Nissan explores with new fuel cell

e-Bio Fuel-Cell runs on ethanol or blend of ethanol and water

Published: August 6, 2016, 10:30 PM
Updated: August 9, 2016, 9:08 PM

Nissan e-Bio Fuel Cell Prototype

Nissan is experimenting with a new transportation powertrain — in an electric version of the NV200 running on bio-ethanol electric power — heralding it as the world's first Solid Oxide Fuel-Cell (SOFC)-powered prototype.

“The e-Bio Fuel-Cell offers eco-friendly transportation and creates opportunities for regional energy production…all the while supporting the existing infrastructure,” said Nissan president and CEO Carlos Ghosn. “In the future, the e-Bio Fuel-Cell will become even more user-friendly. Ethanol-blended water is easier and safer to handle than most other fuels. Without the need to create new infrastructure, it has great potential to drive market growth.”

The e-NV200 test mule uses 100% ethanol to charge a 24kWh battery, offering a driving range of more than 600 km. The vehicle was introduced in Rio prior to the Olympics and Nissan says it will be conducting real-world driving tests in the country in coming years.

The way it works is that fuel (the ethanol, or as Ghosn mentioned, a mix of ethanol and water) is electrochemically converted into electricity, which charges a battery used to power an electric motor (or several electric motors, depending on the vehicle). Instead of having to plug in a vehicle prior to use, you just have to make sure you have fuel in the tank (in this case a 30 litre supply) and go.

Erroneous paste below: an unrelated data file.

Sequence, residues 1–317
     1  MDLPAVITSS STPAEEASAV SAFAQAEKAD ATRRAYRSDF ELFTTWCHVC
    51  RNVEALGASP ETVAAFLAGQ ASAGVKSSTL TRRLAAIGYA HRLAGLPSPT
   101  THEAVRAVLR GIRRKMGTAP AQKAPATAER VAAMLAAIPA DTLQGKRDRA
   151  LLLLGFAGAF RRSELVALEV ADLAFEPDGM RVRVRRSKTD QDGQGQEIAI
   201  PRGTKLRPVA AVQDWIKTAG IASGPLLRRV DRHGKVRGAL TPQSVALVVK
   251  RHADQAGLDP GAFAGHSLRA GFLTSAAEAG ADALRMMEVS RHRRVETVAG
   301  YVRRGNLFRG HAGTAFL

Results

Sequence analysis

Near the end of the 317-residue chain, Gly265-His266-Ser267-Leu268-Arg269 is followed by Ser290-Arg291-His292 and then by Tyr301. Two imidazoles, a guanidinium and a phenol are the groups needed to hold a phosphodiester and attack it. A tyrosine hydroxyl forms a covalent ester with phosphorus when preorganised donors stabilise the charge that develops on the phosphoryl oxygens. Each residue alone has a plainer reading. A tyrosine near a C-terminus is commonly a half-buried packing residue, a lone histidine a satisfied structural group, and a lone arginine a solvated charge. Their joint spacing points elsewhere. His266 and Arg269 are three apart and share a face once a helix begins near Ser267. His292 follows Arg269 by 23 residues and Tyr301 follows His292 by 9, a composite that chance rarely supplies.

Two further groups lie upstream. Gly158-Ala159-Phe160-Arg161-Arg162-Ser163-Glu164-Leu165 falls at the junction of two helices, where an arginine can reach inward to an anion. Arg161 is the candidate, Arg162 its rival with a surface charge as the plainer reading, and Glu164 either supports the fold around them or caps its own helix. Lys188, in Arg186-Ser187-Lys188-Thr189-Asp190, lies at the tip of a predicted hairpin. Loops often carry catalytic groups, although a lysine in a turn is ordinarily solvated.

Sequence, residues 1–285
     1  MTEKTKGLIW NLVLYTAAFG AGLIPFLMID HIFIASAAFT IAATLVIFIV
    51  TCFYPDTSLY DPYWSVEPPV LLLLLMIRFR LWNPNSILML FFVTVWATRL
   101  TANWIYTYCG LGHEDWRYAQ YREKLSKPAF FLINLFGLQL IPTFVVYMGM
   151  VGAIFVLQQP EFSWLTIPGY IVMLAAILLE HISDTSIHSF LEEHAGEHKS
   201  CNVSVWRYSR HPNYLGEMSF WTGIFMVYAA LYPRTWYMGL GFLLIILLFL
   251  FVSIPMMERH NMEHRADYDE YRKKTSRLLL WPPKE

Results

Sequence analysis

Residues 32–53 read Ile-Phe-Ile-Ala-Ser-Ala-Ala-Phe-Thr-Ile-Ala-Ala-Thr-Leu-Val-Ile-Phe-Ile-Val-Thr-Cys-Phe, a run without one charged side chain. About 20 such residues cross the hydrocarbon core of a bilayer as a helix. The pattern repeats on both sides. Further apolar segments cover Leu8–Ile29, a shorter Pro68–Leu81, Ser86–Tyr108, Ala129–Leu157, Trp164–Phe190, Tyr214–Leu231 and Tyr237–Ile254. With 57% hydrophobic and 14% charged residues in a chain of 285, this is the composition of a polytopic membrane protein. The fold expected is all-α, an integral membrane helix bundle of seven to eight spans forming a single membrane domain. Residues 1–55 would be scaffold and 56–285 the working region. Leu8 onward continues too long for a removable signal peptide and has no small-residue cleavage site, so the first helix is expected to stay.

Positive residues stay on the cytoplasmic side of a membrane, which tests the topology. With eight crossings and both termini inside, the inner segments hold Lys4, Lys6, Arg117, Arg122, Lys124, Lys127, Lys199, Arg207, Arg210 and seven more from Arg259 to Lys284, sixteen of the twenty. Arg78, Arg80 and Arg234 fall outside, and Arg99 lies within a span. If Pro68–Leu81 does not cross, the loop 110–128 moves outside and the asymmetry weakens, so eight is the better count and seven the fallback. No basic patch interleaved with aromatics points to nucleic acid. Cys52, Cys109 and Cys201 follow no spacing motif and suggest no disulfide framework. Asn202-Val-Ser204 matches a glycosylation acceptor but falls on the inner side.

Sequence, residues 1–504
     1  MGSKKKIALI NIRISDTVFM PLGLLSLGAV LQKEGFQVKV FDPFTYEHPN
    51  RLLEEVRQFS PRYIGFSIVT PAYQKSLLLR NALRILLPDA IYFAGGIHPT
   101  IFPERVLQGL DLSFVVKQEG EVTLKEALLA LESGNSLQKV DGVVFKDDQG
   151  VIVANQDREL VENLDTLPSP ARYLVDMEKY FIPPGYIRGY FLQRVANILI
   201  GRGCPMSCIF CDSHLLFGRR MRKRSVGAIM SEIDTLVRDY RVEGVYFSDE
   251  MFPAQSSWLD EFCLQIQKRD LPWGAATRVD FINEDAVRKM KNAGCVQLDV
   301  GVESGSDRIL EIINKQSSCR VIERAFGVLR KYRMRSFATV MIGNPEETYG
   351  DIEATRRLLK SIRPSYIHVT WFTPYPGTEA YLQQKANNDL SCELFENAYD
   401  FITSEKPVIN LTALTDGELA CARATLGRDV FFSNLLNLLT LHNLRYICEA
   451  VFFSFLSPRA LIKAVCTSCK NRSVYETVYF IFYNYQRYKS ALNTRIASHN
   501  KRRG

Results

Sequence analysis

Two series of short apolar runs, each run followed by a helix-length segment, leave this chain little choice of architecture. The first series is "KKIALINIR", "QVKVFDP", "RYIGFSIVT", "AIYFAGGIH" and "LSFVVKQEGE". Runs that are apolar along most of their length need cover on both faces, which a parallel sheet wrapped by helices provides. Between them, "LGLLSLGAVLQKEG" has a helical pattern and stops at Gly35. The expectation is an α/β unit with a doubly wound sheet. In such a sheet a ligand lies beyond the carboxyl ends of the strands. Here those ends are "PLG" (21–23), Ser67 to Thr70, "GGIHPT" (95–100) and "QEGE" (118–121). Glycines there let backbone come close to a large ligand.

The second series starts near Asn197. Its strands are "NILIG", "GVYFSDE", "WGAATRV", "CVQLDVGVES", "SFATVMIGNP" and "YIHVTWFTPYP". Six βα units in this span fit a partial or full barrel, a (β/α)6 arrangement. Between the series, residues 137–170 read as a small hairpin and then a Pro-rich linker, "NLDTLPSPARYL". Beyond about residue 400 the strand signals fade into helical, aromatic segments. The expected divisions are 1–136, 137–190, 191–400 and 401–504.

Its emissions are carbon neutral, with Nissan stating it is part of the natural carbon cycle. With the fuel cell’s output of 5 kW, it’s acceleration is comparable to an electric vehicle’s, while offering a driving range that is more comparable to that of a gasoline vehicle.

Brazil is country heavy into ethanol as a transportation fuel, with a wide and well-established infrastructure, so it made it a natural for the announcement, especially given the world stage provided by the Olympic games. Ethanol is traditionally sourced from sugarcane or corn and due to its low combustibility (especially when blended with water) it could be sold off the shelf in retail venues, meaning you could theoretically purchase it off the shelf at a Canadian Tire store.